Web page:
Where she found the tickets, on the floor.

Monday, April 19, 2010

Driving Miss K.

All I do is drive, drive, drive.

I drive to work, drive to run errands, drive to the grocery store, drive to sissy's, drive to meetings, drive teens all over creation, drive my husband crazy.

I need a chauffeur. The Man won't apply for the job. He's already the gardener and the chef. And the housekeeper sometimes. I'm afraid being the chauffeur could put him over the edge.

K. went to the movies with some friends tonight and none of them can drive yet. As a matter of fact, one of the boys was a freshman. A freshman. He won't be driving for two more years. That does me no good.

Although, now that I think about it, she's not allowed in a car alone with a boy for quite some time, missy.

That means you-know-who ends up driving, at least one way. Some nights I drive both ways. I always offer to pick up. I like to make sure they all get home safe and sound.

I think 9:00 pm is a good curfew. K. doesn't agree with me.

I say, "You can't date until your 21." She laughs. Do you see the pattern here, people?
I might like driving more if I lived here - the isle of Corfu, Greece. I would flat out refuse to drive in the first pic - Rome, Italy. That place is full of crazy drivers, if you can even call them that. I don't think they actually test their driving abilities before licensing them.

I think the test is, "Are you breathing?"


"Great, here's your license."

[Except they have this conversation in Italian.]

Just a few more months and K. will have her license. Then the fun really begins. Ugh.

Sunday, April 18, 2010

Even More Random Thoughts

This is K. ignoring me. She gets mad when my camera comes out.

Then she becomes u-n-c-o-o-p-e-r-a-t-i-v-e.
She tries to hide from me. I'm a patient person.

Well, not really. But I can be when I want to be. And when it comes to getting pics of my kids, I can be pretty darn patient.
This is K. giving me a l-o-o-k.

She thinks she can scare me off. She should know better. I don't scare easily. Unless you're a spider. Then I run away tout de suite (this was for you, Deb!)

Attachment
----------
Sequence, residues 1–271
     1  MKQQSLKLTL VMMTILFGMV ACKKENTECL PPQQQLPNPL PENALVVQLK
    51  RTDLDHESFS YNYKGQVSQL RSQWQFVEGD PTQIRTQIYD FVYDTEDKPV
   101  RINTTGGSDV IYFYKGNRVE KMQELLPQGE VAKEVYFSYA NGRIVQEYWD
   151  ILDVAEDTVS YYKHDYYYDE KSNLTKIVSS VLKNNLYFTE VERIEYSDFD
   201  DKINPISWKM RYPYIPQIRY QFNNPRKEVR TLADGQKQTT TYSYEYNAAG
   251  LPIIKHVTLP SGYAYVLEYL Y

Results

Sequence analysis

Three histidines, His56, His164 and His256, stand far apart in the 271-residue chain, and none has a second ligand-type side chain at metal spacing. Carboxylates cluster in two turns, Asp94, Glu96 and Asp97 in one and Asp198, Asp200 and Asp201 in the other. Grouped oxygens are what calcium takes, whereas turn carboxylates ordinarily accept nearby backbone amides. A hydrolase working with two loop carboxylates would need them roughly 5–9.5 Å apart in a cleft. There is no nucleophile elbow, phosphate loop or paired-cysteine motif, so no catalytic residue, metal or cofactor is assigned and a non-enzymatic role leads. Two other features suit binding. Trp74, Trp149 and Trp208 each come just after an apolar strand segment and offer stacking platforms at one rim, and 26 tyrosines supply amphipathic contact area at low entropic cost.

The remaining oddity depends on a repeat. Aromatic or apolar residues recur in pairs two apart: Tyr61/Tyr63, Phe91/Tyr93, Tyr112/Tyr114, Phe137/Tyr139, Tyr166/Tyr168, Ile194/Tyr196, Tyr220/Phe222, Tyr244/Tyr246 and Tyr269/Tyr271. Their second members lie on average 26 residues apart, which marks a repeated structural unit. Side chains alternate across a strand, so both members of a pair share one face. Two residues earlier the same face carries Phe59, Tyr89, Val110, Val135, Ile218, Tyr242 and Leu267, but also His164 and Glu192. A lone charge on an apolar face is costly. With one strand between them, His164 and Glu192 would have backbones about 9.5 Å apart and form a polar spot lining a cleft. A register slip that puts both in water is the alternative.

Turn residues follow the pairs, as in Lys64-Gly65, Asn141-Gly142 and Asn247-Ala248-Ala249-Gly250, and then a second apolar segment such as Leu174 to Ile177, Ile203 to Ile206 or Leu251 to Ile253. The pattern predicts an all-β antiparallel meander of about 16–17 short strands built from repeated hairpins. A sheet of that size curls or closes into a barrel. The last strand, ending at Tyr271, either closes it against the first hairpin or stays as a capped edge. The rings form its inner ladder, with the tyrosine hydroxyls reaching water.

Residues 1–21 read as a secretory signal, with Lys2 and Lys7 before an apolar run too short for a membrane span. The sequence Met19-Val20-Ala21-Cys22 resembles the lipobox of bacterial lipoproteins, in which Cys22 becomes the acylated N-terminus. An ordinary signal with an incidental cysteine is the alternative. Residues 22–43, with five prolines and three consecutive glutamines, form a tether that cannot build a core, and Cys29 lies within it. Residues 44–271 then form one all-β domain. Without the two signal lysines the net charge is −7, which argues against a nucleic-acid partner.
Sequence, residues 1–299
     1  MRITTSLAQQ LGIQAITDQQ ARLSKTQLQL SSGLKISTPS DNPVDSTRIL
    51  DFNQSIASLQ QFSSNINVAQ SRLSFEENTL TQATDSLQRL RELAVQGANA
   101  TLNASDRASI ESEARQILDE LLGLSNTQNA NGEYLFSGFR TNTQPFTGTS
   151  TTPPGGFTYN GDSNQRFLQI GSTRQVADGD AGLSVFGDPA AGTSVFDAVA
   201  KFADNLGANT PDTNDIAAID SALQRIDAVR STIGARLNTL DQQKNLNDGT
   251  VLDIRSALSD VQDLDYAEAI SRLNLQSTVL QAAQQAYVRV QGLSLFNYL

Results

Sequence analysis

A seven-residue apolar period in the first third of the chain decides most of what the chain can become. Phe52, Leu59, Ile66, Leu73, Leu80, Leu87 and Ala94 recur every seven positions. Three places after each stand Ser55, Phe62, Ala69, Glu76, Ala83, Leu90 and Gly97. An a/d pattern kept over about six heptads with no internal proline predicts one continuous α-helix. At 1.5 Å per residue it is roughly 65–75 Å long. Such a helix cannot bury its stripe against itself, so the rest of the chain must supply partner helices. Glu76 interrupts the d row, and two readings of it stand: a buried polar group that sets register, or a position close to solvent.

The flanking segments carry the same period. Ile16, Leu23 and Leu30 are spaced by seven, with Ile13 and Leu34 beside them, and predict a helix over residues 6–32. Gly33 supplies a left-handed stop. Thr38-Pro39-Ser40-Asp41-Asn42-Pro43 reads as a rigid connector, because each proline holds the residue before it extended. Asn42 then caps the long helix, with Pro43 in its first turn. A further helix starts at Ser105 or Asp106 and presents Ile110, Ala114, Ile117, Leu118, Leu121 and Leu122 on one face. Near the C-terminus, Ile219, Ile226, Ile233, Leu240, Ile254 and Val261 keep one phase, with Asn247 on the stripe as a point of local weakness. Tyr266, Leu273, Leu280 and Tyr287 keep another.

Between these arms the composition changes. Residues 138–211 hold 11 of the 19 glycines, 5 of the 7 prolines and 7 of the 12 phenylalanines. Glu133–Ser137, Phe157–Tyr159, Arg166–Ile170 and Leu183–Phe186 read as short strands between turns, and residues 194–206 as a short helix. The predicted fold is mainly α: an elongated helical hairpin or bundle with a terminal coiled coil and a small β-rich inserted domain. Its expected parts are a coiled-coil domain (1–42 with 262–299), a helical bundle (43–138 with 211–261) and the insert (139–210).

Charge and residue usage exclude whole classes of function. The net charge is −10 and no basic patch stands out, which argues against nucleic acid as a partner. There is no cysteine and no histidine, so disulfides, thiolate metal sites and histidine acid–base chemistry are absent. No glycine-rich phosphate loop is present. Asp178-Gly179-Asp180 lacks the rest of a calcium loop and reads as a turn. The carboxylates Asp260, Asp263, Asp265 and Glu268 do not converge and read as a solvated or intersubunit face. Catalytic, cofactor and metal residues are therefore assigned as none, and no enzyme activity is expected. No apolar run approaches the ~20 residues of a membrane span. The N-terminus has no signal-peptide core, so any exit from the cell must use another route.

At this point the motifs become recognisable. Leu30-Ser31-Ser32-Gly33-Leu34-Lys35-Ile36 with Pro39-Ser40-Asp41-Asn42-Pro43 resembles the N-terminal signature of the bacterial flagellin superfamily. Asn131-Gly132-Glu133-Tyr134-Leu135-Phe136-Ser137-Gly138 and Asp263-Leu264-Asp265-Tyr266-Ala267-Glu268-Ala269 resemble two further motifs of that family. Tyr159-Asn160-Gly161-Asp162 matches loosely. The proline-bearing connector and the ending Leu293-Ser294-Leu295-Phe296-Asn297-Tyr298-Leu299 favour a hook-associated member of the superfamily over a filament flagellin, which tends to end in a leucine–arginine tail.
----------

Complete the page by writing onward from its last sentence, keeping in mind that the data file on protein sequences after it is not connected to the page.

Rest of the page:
And look who won the battle! I got a great pic of my sweet K.

Crazy daisies. That's what the store called them.

They make my heart smile.

Right now I can't get enough of flowers. They're blooming everywhere. I've got them in pots all over my house, the porch, the patio, windowsills. Really, anywhere I can put them.

And I don't just limit myself to flowering plants. I'll keep them even when others would get rid of them. I get my money's worth out of these things.
Pitiful, isn't it? I just don't know when to throw them out. I feel bad for them.

It feels like I'm saying, "Okay, you're not pretty anymore. Time for you to go." I just don't have the heart to throw them out. Then I don't even notice them. They blend right into the background and it's not until the Man says, "Oh, you've killed another one," that it gets taken care of.

Can you see the pretty felt ball garland in the background?

Gee, that was kind of random. But isn't it pretty?

I posted the link to this project in a previous post but I'll post it here again. This went together pretty quick. Good way to pass an evening watching a movie with the Man.
Roses I can't bear to part with. We've had some cold nights and the ends got cooked a bit. I tell people I'm drying them. It sounds good.

I think they still look pretty. Plus, I haven't gotten my $6.99's worth yet.